Everyone saw him as the father’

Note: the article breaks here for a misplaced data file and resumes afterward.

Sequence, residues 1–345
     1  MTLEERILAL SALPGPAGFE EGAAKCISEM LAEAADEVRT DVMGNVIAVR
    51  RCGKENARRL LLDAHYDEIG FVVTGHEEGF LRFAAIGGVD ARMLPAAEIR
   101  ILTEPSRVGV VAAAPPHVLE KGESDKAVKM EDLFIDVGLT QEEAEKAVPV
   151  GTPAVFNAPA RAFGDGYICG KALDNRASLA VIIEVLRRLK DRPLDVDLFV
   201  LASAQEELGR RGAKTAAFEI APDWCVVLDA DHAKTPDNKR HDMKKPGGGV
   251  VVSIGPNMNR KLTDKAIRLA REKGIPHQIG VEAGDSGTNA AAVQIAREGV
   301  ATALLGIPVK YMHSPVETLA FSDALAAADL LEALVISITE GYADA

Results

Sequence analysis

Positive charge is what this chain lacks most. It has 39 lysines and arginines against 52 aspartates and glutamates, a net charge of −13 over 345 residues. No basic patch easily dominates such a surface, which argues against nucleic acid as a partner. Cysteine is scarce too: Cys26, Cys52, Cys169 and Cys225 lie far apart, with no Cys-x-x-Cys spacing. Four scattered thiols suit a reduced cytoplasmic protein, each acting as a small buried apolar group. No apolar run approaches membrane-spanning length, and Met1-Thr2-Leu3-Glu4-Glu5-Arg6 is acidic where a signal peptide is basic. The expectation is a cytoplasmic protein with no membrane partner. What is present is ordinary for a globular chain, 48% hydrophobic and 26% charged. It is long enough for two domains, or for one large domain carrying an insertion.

first_imgThe legacy of Nelson Mandela spreads so wide that Notre Dame students, professors and social justice organizations connected to the University felt personally touched by his work. Paul Horn, former communications director for Notre Dame’s Center for Social Concerns, has spent 13 years living in South Africa and currently works in Johannesburg. “Nelson Mandela showed the world that a nation can be built on a foundation of dignity, restorative justice and compassion,” Horn said. Horn first became a volunteer teacher in South Africa in 1997, he said. “This means I have had the opportunity to live through much of South Africa’s first generation of democracy,” Horn said. “Much has changed from the early years, where there was great uncertainty about how long peace would last. “Nelson Mandela’s leadership in those early years was critical to laying the foundation for a lasting peace, and to creating a framework for truth and reconciliation.” Horn said he spent Friday evening following Mandela’s death with the crowd gathered outside the former president’s home in Johannesburg. “The reaction to Nelson Mandela’s life has been largely celebratory,” Horn said. “Mandela was 95 years old at the time of his passing and lived a full and accomplished life. Hundreds danced and sang in the streets, while others took a moment to light a candle and write a message to ‘Tata’ on a memorial wall that had been set up.” Horn now works as executive director of the Kgosi Neighbourhood Foundation, an organization that seeks to empower families from one of the most challenged neighborhoods in Johannesburg. He said a number of Notre Dame students have completed International Summer Service Learning Programs (ISSLP) in the region. “Johannesburg is a city of socio-economic extremes,” Horn said. “I work in a community where families often do not have food at home, and their home is a small room shared by many people without adequate sanitation, water or electricity.” Horn said the Foundation’s initiatives include educational programs for over 150 children from birth to six years old, a community garden, a sewing project and the together+ Anti-xenophobia campaign. Horn said the region is greatly affected by xenophobia-fueled violence. He said the segregation and inequality that Mandela devoted his life to changing still exist in South Africa today. “When I leave that community after a day of work – literally going right over a hill – I enter a community with large homes, good schools, shopping malls, restaurants, public parks and excellent hospitals,” Horn said. Horn said Mandela brought these diverse groups together, united them and inspired the campaign. “Mandela’s belief in the transformative power of education has also inspired my years of work to offer orphaned and vulnerable children free schooling,” Horn said. Notre Dame ISSLP participants reflect Notre Dame’s Center for Social Concerns (CSC) funds International Summer Service Learning Projects (ISSLP) for students interested in broadening their views about economic disparity in the world, according to their website. Kelsie Corriston, a senior sociology major, spent eight weeks volunteering at a children’s home called Open Arms for Children in Komga, South Africa, this summer through the CSC. “ISSLP lets you serve while fully entering communities and building cross-cultural connections,” Corriston said. “I think that’s just such a fundamental part of the human experience – being able to enter the lives of others and create relationships that are meaningful.” Corriston said she chose to do an ISSLP in South Africa because she would be able to live and serve at a children’s home, and because of her interest in the way apartheid operates today. “The legacy of apartheid is still evident in Komga today,” she said. “Across from the Open Arms property is the Location, where the black people live. So segregation still exists. It consists of small homes in tight quarters. We only went there while driving twice … we were really restricted to staying on Open Arms property due to safety concerns.” Following the death of Nelson Mandela, Corriston said she wrote a reflection about her time in South Africa and how Mandela’s legacy impacted the South Africa she knew. “South Africa still suffers; so do the children that I lived with and cared for,” Corriston wrote. “This past summer was incredibly difficult. I saw how structural poverty shapes the lives of children; I witnessed the inequality and socioeconomic apartness that remains post-apartheid. “Yet the beauty of a country brought together by its past of separation which is committed to a shared future is undeniable. Nelson Mandela personified unity in a post-apartheid world. He was a hero, in ways that we can’t possibly begin to understand; he was a father, South Africa’s Tata.” Mandela’s work touched the lives of each of the children at Open Arms for Children by giving them an opportunity to grow into themselves, she wrote. In her reflection, Corriston said Mandela’s tribal birth name, Rolihlahla, means troublemaker. “Mandela made trouble – he fought injustice and bigotry, he brought a nation of systematic and deep-seated apartness together through justice and reconciliation. He helped made South Africa a place where children can dream,” she wrote. Through the CSC, junior sociology major Jackie Paul completed the ISSLP along with Corriston. Following the former president’s death, Paul wrote a reflection about Mandela’s legacy. “One does not have to look far to realize that Mandela’s influence was not bounded by the borders of South Africa,” Paul wrote. “The world continues to mourn the passing of this international figure who continues to be a heroic example, and I continue to pray for the hopeful country of South Africa.” Contact Meg Handelman at [email protected]last_img